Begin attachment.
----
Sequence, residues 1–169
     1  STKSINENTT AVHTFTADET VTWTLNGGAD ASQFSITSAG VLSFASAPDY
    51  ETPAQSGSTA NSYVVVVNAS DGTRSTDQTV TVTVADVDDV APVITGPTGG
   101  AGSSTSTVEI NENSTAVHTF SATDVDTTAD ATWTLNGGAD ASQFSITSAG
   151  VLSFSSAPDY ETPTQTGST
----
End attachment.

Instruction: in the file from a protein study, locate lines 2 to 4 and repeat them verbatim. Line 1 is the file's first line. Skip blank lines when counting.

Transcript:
     1  STKSINENTT AVHTFTADET VTWTLNGGAD ASQFSITSAG VLSFASAPDY
    51  ETPAQSGSTA NSYVVVVNAS DGTRSTDQTV TVTVADVDDV APVITGPTGG
   101  AGSSTSTVEI NENSTAVHTF SATDVDTTAD ATWTLNGGAD ASQFSITSAG